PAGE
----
OECS celebrates 31st anniversary in Toronto

first_img Share Sharing is caring! LocalNews OECS celebrates 31st anniversary in Toronto by: – June 25, 2012 OECS flag. Photo credit: thewestindiannews.comTORONTO, Canada — In celebration of the 31st Anniversary of the Founding of Organization of Eastern Caribbean States (OECS), the OECS interim national council (Canada), via the cultural and entertainment standing committee, hosted a reception on Friday in Toronto, Canada.The celebration showcased business entrepreneurs’ products and services, and staged a cultural market place with fashion designers and models lighting up the catwalk with trendy outfits.OECS nationals and others were warmly received by Consul/Liaison Officer, E. Bernard John. Community messages and remarks, we delivered by consuls general and consuls from all member states.Chairman of the OECS working group, Honorary Consul General of St Kitts and Nevis, John Allen, performed double duty, delivering his community message and reading a message from current OECS chairman, Dr Kenny Anthony, prime minister of St Lucia.Anthony’s message referenced the signing in St Kitts on June 18, 1981, of the Treaty of Basseterre and the strong links that exist with the larger community.“We are currently moving towards the creation of a new entity to regulate the energy sector across our islands, using a model similar to the successful ECTEL agency for telecoms,” he said.Anthony also noted that steps are being taken to “pool our resources to provide a stronger thrust in our foreign policy. The recently revised Treaty of Basseterre is now making way for political architecture and opportunities for deeper collaboration across our governments and our institutions.”The OECS must continue to see how it can better integrate its population, to grow and prosper across boundaries, disciplines and accents and that our islands remain open for business and intend on becoming world class participants, said Anthony.His message continued , “August of this year, we will witness, in Antigua, the commencement of the OECS Assembly, which will see representatives from all our parliaments, both government and opposition, meeting and debating legislation that has a basis throughout our Caribbean sub-region.”Acknowledgment was given to “the government of Canada through CIDA for many years supported major development projects in our islands, from schools to airports — to be one of the most important source markets for visitors, despite the global economic recession.”With business entrepreneurs and models buzzing in the corridors, the fashion and cultural performance certainly reminded all that the Caribbean is one family. The colourful display of fabrics, artistry and funfair produced by the standing committee, cultural and entertainment chair, Eulalie Walling-Sampson and co-chair Lorraine Delsol, were exemplary of the islands indigenous creative arts.Caribbean citizens form an integral part of Canadian multiculturalism and the rich culture that is displayed at CARIBANA, so mark your calendar July 17 to August 5, 2012.The warmth of the islands is alive and well, the fusion of ideas and partnerships is great in the Diaspora. And in so doing, the technological space will permit a live feed for next year’s celebration and performance. Caribbean News Now Tweetcenter_img 18 Views   no discussions Share Sharelast_img read more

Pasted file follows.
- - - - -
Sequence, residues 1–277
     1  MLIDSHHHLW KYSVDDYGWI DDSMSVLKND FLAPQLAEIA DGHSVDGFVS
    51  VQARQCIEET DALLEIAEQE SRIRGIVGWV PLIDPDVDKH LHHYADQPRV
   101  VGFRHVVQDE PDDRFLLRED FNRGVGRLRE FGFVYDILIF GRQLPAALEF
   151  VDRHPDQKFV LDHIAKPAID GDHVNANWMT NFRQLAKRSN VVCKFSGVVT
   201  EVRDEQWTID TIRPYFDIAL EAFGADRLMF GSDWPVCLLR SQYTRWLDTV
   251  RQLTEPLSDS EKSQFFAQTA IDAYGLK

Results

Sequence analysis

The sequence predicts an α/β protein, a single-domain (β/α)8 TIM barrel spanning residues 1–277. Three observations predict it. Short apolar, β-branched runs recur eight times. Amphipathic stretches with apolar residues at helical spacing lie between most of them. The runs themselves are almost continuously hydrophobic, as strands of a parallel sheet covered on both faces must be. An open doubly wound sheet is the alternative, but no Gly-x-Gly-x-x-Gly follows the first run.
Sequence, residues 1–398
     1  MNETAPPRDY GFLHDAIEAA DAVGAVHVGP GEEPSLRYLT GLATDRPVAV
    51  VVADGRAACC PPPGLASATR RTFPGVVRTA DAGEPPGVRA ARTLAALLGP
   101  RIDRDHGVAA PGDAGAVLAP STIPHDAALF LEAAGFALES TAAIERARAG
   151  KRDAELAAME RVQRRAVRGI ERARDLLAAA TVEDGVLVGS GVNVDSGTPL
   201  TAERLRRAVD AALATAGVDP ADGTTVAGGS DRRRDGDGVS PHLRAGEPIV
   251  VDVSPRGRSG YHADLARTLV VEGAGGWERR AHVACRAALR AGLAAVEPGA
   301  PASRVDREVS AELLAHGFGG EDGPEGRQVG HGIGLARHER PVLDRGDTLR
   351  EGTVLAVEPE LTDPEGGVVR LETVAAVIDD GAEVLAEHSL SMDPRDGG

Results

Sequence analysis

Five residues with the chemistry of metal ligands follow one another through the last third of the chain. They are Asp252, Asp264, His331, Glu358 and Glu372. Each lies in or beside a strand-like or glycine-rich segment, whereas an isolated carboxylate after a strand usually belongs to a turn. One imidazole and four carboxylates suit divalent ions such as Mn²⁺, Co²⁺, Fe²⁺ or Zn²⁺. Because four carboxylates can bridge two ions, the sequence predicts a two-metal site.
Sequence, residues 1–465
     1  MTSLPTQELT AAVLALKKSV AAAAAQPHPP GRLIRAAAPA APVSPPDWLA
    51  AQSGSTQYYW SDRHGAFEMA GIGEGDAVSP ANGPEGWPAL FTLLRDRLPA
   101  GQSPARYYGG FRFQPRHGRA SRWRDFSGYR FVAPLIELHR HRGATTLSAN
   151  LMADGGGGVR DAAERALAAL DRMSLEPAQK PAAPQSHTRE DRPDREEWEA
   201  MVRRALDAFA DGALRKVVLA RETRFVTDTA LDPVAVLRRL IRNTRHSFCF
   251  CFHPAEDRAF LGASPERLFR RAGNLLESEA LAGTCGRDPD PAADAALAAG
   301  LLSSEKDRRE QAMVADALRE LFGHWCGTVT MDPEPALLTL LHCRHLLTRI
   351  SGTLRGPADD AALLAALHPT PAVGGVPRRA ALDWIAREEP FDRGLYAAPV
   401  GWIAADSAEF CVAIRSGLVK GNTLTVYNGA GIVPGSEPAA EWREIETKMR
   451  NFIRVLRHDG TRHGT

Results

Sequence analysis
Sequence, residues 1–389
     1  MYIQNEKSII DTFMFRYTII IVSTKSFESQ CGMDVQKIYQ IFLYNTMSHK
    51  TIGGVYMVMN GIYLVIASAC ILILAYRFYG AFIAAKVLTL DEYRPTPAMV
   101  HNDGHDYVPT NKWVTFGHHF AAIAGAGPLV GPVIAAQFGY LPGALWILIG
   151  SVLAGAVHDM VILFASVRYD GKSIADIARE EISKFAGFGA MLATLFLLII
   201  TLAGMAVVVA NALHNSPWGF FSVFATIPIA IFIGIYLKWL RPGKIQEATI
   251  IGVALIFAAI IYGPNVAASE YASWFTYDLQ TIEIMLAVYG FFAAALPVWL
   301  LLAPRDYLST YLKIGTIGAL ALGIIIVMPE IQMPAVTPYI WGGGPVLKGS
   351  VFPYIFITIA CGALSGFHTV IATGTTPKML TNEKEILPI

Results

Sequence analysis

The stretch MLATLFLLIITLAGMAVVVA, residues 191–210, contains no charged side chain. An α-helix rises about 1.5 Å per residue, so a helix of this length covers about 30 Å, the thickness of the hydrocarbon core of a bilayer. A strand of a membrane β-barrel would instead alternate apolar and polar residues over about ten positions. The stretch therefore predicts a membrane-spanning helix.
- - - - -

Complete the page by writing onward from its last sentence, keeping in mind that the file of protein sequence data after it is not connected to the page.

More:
Tipp make losing start to McGrath Cup campaign